Monthly Archives: January 2020

Winter Sowing Milkweed Seeds

Recently, I saw a post on Facebook about how to winter sow milkweed seeds using milk jugs.

Native milkweed seeds and many other perennial plants need a period of cold stratification in order to germinate. Cold stratification is simply exposing the seed to a period of cold treatment. I’ve always prepared milkweed seeds by using the artificial stratification method (click here for instructions), however, was intrigued by this unique method.

Daria Fedorovich Murphy shared her method for sowing milkweed seeds on Facebook.

The holidays were spent at my son’s house in Michigan. I brought some milkweed seeds as a Christmas gift. He and his wife recently purchased a home and expressed an interest in planting a butterfly garden. I had planned to sow them directly into the ground but wanted to try using the “milk jug method” instead.

Using individual biodegradable planter cups to plant the milkweed seeds, I figured would make it easier to transplant the seedlings when they are ready. I placed potting soil inside the cups and watered the soil to moisten it, then three to four seeds were placed on top of the dirt and gently patted them down. (You do not cover the seeds with soil because they need light to germinate.)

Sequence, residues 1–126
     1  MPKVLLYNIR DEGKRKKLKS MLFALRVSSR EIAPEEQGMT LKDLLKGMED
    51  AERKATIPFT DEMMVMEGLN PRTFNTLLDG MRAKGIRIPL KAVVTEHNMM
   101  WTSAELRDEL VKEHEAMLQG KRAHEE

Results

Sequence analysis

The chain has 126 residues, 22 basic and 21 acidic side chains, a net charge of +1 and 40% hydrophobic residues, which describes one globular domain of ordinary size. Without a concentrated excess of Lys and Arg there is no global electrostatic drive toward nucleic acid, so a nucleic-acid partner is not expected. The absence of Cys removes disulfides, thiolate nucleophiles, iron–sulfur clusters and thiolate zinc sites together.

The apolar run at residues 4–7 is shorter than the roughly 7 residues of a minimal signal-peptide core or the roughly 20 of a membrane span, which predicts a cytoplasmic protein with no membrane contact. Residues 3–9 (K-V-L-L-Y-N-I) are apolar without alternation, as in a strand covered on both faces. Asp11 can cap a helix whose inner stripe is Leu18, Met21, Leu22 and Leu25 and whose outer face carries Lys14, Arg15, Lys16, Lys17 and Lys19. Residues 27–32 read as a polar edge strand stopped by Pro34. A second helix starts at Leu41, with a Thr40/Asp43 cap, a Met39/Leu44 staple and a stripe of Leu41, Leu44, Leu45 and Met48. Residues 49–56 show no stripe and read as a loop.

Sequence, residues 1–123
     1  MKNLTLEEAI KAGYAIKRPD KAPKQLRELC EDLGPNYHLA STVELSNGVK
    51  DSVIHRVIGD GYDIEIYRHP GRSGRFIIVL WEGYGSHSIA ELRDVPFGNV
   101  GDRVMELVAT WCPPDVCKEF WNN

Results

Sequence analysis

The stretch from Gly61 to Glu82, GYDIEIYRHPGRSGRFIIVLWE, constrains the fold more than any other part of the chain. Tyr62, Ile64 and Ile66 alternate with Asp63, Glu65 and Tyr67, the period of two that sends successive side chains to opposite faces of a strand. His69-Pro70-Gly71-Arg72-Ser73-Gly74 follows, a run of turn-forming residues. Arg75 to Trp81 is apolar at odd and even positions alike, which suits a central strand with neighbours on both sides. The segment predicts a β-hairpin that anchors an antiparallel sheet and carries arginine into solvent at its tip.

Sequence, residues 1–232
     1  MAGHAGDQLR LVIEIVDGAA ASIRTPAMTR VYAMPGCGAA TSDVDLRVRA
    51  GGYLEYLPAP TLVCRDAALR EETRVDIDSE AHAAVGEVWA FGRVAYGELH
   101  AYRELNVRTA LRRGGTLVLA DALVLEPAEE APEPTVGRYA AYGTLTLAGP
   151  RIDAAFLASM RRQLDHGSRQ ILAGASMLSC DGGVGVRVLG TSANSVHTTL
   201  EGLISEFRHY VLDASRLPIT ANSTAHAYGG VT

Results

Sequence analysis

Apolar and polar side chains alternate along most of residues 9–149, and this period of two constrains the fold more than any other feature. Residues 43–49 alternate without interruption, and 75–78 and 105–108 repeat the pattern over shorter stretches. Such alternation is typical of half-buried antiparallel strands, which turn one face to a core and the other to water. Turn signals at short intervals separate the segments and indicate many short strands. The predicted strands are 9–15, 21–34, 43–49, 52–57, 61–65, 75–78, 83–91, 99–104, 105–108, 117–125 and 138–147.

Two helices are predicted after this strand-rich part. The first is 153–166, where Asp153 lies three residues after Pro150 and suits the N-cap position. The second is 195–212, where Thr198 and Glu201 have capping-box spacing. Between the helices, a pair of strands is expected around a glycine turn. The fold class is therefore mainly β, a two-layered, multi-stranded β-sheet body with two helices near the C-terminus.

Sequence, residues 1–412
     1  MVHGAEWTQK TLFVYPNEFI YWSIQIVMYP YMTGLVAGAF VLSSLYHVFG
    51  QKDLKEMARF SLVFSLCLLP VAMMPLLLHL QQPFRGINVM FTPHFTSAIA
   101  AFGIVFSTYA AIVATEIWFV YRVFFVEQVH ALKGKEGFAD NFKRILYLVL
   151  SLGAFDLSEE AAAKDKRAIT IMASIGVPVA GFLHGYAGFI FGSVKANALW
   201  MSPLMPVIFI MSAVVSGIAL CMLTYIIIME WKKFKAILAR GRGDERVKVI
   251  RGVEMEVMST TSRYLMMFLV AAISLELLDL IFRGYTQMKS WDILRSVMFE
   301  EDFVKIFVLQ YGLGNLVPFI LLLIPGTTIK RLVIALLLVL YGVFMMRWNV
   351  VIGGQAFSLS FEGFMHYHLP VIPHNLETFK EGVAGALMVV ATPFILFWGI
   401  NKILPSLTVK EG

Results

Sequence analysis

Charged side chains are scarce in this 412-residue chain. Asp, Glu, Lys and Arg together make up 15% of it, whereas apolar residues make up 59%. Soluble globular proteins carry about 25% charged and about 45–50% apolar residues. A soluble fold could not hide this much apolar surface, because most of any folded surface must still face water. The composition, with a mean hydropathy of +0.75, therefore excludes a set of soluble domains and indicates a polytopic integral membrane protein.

To prepare the milk jugs punch four drainage holes on the bottom of the jug using an awl. (You could also use the tip of a heated glue gun or drill the holes with a small power drill.) The holes need to be about ¼ inch in diameter to allow good drainage.  Cut the milk jug in half with sharp scissors, leaving about an inch for a hinge.

Leaving a hinge is essential to keep the top attached to the base.

Place the planter cups inside the milk jugs and use duct tape to seal them closed. Be sure to leave the caps off of the containers so the milkweed seeds will get watered from Mother Nature. I placed the milk jugs inside some planter trays for stability. Oh yes, and don’t forget to label the milk jugs! (I used a permanent marker, but a grease pencil will also work. Or you can use a planter label for each individual cup.)

Labeling your plantings eliminates confusion later in the season.

Now you just leave the milk jugs outside and let Mother Nature do her magic!

Even in the snow, the seedlings are protected inside the milk jugs.

Click here for more detailed instructions on how to winter sow seeds using milk jugs: https://springcreekhomesteading.files.wordpress.com/2011/09/milk-jug-sowing.pdf

You can purchase these native milkweed seeds directly from Butterfly Lady at http://butterfly-lady.com/marketplace/seeds.html

Spread the message with this “Plant Milkweed” T-shirt by Butterfly Lady: https://amzn.to/2PFvZn4